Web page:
“Companies are in different places with this IT/automation understanding, but for progress you have to understand how an automation system is designed, developed and run. Once IT and operations people understand each other and work together, we will get very much better security,” he concludes.

While everything is a potential target, the success of any attack depends on the inherent vulnerabilities, the criticality of the assets and the ability to exploit these weaknesses — whether in the control, supervisory-control-and-data-acquisition (SCADA) or safety systems or in web gateways, databases or email infrastructure, stresses Schneider Electric. So, as the industry moves toward ISA Secure regulations, particularly EDSA (embedded device security assurance), SSA (system security assurance) and IEC 62443 (network and system security for industrial-process measurement and control), all Schneider Electric automation developments now encompass security from concept to delivery.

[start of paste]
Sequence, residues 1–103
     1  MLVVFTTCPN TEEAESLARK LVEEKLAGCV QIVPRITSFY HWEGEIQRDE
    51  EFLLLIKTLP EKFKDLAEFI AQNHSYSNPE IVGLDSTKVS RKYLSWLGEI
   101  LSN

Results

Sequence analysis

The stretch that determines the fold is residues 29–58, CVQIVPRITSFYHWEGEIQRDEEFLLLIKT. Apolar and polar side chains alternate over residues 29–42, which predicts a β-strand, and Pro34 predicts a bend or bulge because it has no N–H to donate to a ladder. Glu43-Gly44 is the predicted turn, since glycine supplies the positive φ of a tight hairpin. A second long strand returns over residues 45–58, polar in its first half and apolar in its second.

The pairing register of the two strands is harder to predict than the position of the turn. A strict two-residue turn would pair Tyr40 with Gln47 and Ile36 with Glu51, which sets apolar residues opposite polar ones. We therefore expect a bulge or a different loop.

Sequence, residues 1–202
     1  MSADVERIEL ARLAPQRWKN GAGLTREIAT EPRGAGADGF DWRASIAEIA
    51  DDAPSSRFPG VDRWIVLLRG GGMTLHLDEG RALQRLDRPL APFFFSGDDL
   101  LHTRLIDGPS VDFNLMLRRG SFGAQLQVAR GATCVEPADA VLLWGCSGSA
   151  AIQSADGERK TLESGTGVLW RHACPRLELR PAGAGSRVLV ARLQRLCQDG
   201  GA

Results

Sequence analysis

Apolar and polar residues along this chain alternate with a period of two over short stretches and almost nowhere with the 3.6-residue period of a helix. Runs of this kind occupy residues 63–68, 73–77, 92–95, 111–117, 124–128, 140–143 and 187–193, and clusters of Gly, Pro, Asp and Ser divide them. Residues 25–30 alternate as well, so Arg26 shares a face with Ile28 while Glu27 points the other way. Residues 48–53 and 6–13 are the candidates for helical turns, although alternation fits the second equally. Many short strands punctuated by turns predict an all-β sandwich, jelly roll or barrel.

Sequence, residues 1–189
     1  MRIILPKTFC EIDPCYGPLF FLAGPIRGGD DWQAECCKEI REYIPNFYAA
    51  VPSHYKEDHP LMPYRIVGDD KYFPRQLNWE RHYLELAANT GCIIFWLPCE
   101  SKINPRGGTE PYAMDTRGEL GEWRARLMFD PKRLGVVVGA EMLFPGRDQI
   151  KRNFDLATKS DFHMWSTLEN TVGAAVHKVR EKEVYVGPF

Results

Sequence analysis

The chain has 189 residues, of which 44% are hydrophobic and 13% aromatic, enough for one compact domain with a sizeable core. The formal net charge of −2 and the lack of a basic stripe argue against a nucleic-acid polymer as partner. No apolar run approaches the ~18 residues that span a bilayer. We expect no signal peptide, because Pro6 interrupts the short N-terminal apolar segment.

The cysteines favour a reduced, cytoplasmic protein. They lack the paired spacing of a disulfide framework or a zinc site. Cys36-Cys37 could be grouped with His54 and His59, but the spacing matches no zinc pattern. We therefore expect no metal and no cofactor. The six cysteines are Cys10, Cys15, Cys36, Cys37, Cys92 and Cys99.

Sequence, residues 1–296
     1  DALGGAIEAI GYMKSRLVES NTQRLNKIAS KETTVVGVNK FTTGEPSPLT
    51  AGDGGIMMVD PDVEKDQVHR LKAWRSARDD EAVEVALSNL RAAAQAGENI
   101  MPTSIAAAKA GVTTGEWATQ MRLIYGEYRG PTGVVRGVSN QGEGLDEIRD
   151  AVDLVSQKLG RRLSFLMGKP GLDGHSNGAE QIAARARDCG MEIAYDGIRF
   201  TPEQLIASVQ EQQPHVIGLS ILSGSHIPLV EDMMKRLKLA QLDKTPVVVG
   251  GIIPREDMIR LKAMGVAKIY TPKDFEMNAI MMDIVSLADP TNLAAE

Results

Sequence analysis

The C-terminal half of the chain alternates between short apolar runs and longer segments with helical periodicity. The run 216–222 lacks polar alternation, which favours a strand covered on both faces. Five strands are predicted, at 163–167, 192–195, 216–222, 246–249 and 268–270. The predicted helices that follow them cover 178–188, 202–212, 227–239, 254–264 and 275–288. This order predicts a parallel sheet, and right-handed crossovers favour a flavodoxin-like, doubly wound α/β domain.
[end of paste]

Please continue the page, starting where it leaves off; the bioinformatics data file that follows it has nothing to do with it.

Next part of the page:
“An important security consideration, regardless of the industry, is risk calculation. This ultimately provides the appropriate framework and controls necessary to protect the most critical assets,” says Abdallah.

“Automation systems will continue to be targets but the appropriate and responsible reaction by vendors must be how to manage the vulnerabilities and risks to acceptable levels. We can’t control threats, they will always be there. What we can do, however, is deliver a consistently updated, protected and hardened system that utilizes several layers of defense (defense in depth) to protect the most critical assets,” adds Gloucester, U.K.-based Gary Williams, Schneider Electric’s technology manager, cyber security and communications.

The company sees great value in using next-generation firewalls, configured with specific single source/destination policies, security zones, network anti-virus, intrusion prevention and deep packet inspection.

“If properly configured, a firewall can absolutely provide a suitable level of protection. The key here is ‘properly configured,’ and if clients need the assurance of a unidirectional traffic pass at the hardware level, without worrying about the configuration aspect, a data diode is the way to go. Schneider Electric has partnered with vendors to provide data diode devices as part of an enhanced security offering for several of our core offerings,” notes Abdallah.